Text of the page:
An American writer once pointed out that there are two kinds of artists in the microcosm of sculpting. There are those who subtract, starting with a beautiful block of stone and chipping away until it results in some marvellous shape. Then there’s those who add, building with clay, piling it on and shaping it until the piece is finished. Carlos Chaclán, a Guatemalan master ceramicist, is the latter kind of sculptor, and his development as an artist is true to the way in which he works the clay.
Chaclán is best-known for crafting hollow sculptures and musical instruments. The instruments are based on ancient Mayan crafts that Chaclán studied for over 18 years. These wonderful pieces, all wind instruments of sorts, have special vibratos and some of them resort to water to make sounds. “The Maya managed to make very complex shapes,” Chaclán mentions before playing some of his instruments. “Sometimes I have a hard time figuring out why they did it in such a way, as making them like that makes it harder for them to produce sound.”
Before all the clay wonders and the years of dedication to studying and restoring Mayan ceramics, Chaclán used to assist his father in making roof tiles in his native Totonicapán. “Over fifty years ago, I started helping him to make tiles, bricks and other building utensils. I was ten years old at the time, and we had to help,” he explains. “I come from a family of eight.”
Back then, his job was rather simple. Mr. Chaclán would mould the clay using his feet, feeling the impurities in it, which he then would help take out. However, as he grew older and school grew a bit more demanding, he began helping his parents less, putting in work everyday just before breakfast.
In the early seventies, there were two artisan schools in Guatemala: one in Rabinal and the other one in Totonicapán. Chaclán enrolled in the latter, and learned how to use a lathe to work on ceramics. It was there where he began making bowls, teapots, coffee mugs, and all of the basic earthenware that often comes to mind when one thinks of clay-based crafts. “I spent a whole year at that school, and I really liked it,” Mr. Chaclán recalls. “At some point I told my teacher that I would love to specialise in this area.” To this day, Chaclán is not sure if he expressed himself incorrectly or if the teacher misunderstood, but the response he got was that “only experience would make him specialise throughout the years”. “What I really wanted to say was that I wanted to know more about other areas,” Chaclán explains calmly. “But it was just not possible then.” Over the years however, whether knowingly or not, Chaclán piled on clumps of experience which would eventually mould him into the artist he is today.
As a student, Mr. Chaclán met an architect from Guatemala City who told him to meet him there to open up a workshop. He packed his things and left his hometown on Christmas, since a friend of his had an uncle living in Zone 12 of the city who he could stay with. The architect introduced him to Universidad San Carlos’ art school, which helped him meet more people who worked on his field. “I was allowed to drop in on classes as a listener,” he remembers. Over time, the business venture with his architect partner didn’t really prosper, and he told Chaclán that he would be better off heading back to his hometown. The ceramicist obliged.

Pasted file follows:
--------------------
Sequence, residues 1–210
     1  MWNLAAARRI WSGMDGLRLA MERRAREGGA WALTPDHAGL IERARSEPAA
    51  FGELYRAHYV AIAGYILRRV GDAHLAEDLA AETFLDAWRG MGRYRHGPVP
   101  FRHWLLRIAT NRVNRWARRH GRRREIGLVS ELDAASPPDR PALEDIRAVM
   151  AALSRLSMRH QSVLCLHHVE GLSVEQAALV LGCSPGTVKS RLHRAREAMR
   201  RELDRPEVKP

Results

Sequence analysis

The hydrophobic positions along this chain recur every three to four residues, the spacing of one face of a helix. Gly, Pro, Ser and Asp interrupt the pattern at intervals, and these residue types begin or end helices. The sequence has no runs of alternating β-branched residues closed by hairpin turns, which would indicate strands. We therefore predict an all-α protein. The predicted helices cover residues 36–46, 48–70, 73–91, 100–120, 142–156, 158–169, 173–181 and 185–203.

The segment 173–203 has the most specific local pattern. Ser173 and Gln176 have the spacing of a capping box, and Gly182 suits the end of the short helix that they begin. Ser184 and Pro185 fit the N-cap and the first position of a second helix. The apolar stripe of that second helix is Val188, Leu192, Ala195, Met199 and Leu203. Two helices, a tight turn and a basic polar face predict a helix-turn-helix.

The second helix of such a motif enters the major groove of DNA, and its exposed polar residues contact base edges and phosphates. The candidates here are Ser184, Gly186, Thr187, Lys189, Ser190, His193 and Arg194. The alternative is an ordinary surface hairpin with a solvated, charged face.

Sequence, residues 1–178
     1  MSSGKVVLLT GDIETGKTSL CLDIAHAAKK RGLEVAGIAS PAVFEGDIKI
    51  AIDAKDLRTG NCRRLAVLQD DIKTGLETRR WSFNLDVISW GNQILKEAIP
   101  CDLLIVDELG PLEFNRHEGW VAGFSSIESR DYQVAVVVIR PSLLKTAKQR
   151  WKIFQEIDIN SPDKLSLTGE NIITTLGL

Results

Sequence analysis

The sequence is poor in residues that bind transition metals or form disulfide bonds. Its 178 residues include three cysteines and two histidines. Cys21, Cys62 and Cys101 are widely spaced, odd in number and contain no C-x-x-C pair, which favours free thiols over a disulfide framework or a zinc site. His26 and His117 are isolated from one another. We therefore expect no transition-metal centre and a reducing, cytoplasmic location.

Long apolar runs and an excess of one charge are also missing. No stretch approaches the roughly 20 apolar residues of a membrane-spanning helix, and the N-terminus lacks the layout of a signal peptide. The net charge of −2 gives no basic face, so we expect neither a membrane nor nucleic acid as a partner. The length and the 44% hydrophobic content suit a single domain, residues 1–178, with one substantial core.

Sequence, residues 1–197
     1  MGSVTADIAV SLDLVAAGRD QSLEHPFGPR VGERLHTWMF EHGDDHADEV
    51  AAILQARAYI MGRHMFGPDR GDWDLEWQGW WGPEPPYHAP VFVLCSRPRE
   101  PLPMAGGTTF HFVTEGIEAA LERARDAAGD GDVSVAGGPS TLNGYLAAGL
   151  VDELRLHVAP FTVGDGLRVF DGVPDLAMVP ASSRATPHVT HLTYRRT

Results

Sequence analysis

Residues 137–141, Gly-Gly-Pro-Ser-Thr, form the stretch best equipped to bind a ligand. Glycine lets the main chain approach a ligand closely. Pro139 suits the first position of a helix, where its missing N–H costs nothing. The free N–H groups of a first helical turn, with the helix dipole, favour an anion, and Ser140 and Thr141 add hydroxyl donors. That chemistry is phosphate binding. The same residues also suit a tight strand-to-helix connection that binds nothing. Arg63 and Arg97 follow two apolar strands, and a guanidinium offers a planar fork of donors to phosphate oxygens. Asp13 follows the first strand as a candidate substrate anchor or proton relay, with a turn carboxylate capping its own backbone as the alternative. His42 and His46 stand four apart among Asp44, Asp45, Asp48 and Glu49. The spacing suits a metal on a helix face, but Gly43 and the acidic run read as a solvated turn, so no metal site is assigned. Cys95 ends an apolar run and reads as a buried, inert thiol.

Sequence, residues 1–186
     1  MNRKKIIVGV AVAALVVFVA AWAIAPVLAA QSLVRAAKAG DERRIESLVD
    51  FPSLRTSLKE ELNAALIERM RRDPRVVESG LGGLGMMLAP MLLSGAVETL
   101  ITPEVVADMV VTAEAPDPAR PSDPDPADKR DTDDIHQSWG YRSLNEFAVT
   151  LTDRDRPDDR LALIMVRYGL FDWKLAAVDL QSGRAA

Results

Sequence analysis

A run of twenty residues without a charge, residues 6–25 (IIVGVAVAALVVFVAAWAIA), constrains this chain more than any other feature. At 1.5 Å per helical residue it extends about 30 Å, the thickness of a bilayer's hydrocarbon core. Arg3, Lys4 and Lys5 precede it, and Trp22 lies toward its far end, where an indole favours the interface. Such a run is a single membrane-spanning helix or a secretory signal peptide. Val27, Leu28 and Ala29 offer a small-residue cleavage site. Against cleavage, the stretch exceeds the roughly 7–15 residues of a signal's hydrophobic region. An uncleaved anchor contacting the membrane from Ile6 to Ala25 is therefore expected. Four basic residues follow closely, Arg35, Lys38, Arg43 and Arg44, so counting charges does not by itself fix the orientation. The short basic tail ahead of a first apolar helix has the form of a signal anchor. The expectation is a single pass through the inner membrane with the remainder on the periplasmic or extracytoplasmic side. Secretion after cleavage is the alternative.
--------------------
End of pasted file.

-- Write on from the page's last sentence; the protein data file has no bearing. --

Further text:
Back in Totonicapán, Chaclán began working in making utility items with a friend of his who had a ceramics workshop in town. After just a few short months, a professor he knew from Universidad San Carlos who was also from Totonicapán showed up at the workshop and convinced Chaclán to return to Guatemala City. Once there, he applied to several scholarships, and, after three tries, he was finally given one in Panama to learn how to restore Mayan ceramics. “I went there to learn more on the subject, and also to find a way to make money,” the artist explains. “Restoration can make you earn a pretty buck since collectors are always invested in their collections and willing to pay to keep them well.”
Years later, Chaclán was awarded another scholarship in Mexico, studying under the tutelage of exclusively Japanese ceramists. This was the most important, life-altering academic experience he ever had, as his dream was to learn the Japanese approach to his craft. “This was the school that formed me,” Chaclán says. “To this day, I apply what I was taught back then.”
Carlos Chaclán, now 61, works on his sculptures and musical instruments in his quaint but well-kept workshop in Guatemala city. The unique mix of experiences that he piled onto his life and his undying interest for Mayan ceramics mixed with his talent and dedication have resulted in a deep commitment to the medium for his craft. “It’s a privilege to work with a material that is close to nature and in Guatemala,” he points out. “Clay is so plastic that it lets you work it with your own hands whenever you wish and there is no limit to what you can do. The only limit is oneself. Clay is always there, waiting for someone to touch it and do something with it. I, for one, understand now that it isn’t the material that betrays you. It is one who betrays the material by not working it enough. So, there’s still much to do with it.”